Risks

Risk reduction is the main goal of the top executive organ of ACME Fireworks, especially during the growth and development period. The firm has received new inquiries that are likely to lead to large and consistent supplies of fireworks to relatively big corporations. There are certain types of risks associated with the current prospect that the firm seeks to embark on (Spadaccini, 2007). The level of uncertainty associated with the new venture works to make the initiative more delicate, and it calls for a strategic management paradigm to offer the right approach. As discussed earlier, ACME Fireworks is an ISO9001: 2000 accredited, meaning that is has the right management tool to convert its entity from sole proprietorship to a limited company (Hess & Liedtka, 2012).

            Some of the possible risks identified from the case study include financial, legal, and image risks (Hess & Liedtka, 2012). In order to meet the demands of the new inquirers, ACME Fireworks is required to secure more capital to finance its labor and raw material costs. The financial department has already provided the exact estimates , but they are not sure about the exact level of demand. It insinuates that an over production of fireworks above the level demanded by the inquirers would lead to wastage of resources and owner’s value. Prices of individual fireworks are also likely to fall because of too many supplies (Spadaccini, 2007). Such an occurrence is also risky to the firm’s image, as no shareholder would want to invest in a company that indulges in surplus production. Another possible financial risk is in the unclear communication offered by the inquirers. They have not yet made an exact placement, yet the management considered the terms of the contract and arrived at the possible estimates. The proactiveness is commendable but care should be taken to ensure that losses are not incurred when the inquirers change their minds and fail to pursue their interests.

            Legal risks are inevitable when partners enter into binding agreements (Hess & Liedtka, 2012). The purpose of binding commercial contracts with the law is to provide a legal guidance and direction during engagement. Another possible reason is to provide an amicable and rational way to solve disputes that arise when one/both parties go against a certain provision. It is crucial to hire a competent legal officer who will manage the contractual and human resource agreements in order to protect ACME Fireworks from legal suits.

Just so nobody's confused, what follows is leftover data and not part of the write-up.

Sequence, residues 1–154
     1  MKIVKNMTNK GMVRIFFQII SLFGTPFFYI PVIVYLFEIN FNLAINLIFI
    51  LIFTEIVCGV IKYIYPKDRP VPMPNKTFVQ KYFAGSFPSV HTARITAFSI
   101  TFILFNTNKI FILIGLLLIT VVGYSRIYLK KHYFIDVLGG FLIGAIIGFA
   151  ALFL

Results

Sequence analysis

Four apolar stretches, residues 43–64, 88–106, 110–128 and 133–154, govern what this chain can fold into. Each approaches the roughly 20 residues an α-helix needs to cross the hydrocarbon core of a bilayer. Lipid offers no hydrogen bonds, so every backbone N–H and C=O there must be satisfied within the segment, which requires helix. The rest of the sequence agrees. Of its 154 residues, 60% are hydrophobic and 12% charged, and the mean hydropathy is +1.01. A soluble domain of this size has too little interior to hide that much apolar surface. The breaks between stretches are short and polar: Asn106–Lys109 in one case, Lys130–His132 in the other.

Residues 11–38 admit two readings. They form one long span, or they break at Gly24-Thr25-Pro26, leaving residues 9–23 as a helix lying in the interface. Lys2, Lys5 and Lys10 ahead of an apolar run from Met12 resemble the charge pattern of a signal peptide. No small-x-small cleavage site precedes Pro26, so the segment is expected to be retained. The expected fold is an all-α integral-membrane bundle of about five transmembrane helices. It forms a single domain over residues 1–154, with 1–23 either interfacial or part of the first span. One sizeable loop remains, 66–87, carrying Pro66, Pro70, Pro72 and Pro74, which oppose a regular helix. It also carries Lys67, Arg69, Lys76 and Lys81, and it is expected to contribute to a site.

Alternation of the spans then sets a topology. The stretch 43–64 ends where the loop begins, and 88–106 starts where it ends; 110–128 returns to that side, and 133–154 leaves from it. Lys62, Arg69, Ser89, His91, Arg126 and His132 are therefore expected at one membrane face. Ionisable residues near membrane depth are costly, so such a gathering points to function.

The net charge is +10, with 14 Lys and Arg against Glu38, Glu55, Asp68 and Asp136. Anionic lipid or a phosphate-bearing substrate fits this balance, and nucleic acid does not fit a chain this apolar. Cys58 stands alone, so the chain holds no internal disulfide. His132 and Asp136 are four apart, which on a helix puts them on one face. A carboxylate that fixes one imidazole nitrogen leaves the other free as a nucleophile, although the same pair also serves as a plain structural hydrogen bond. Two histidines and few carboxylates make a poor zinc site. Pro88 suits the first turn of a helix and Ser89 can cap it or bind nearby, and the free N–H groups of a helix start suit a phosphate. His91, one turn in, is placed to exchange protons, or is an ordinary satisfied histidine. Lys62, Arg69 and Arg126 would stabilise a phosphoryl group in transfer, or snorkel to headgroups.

Display and Performance of the Business

            Forming a limited liability company is the best initiative that ACME could adopt while interacting with its inquirers who reflect high volumes of trade. A sole proprietorship involves a small degree of legal requirements. As such, it is associated with a relatively small fraction of legal cover that may expose the entity to judicial suits. The owner is not required to take any formal action in its formation (Hess & Liedtka, 2012). In other words, as long as a person attains ownership, the legality of the business is derived from its routine activities. There are also financial constraints under this arrangement. The lack of legal backings and documentation inhibit loans from banks and financial institutions because of the poor credit worthiness rating. Forming a limited company would help the future existence of ACME Fireworks because of the increased options of raising money. Such companies are able to raise finances through selling bonds, shares, and other financial instruments. What is more, other external investors is available to offer support during peak periods.

Conclusion

If the best structures will be set up for the AMCE Fireworks Company, it will fetch many benefits for this venture. In addition to that, the business will gain high profits on its due investments, and enjoy maximum protection, if merits and demerits are considered before coming up with the business structure. Businesses that embark on growth and development strategies face a myriad of risk factors that require a strategic approach to control and manage the associated risks. ACME Fireworks has received high intensity supply inquiries, but the management is not certain about the duration of the transaction. The dilemma arises as to whether to adopt long-term measures or short-term, temporary initiatives that align with the periodic demand. According to this analysis, the most important step for the Chief Executive Officer is to consider the legal requirements before entering into a binding contract with the new inquirers.

References

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Hess, E. D., & Liedtka, J. (2012). The Physics of Business Growth: Mindsets, System, And Processes. Irvine, CA: Entrepreneur Press.

Pearson, J. W. (2008). Mastering The Management Buckets: 20 Critical Competencies For Leading Your Business or Nonprofit. Ventura, Calif: Regal.

Piper, M. (2007). Surprisingly Simple: Independent Contractor, Sole Proprietor, And LLC Taxes Explained In 100 Pages or Less. Chicago, Ill: Piper Tax Group.

Spadaccini, M. (2007). Business Structures. Irvine, CA: Entrepreneur Press.

Thakor, A. V. (2011). The Four Colors of Business Growth. Burlington: Elsevier Science.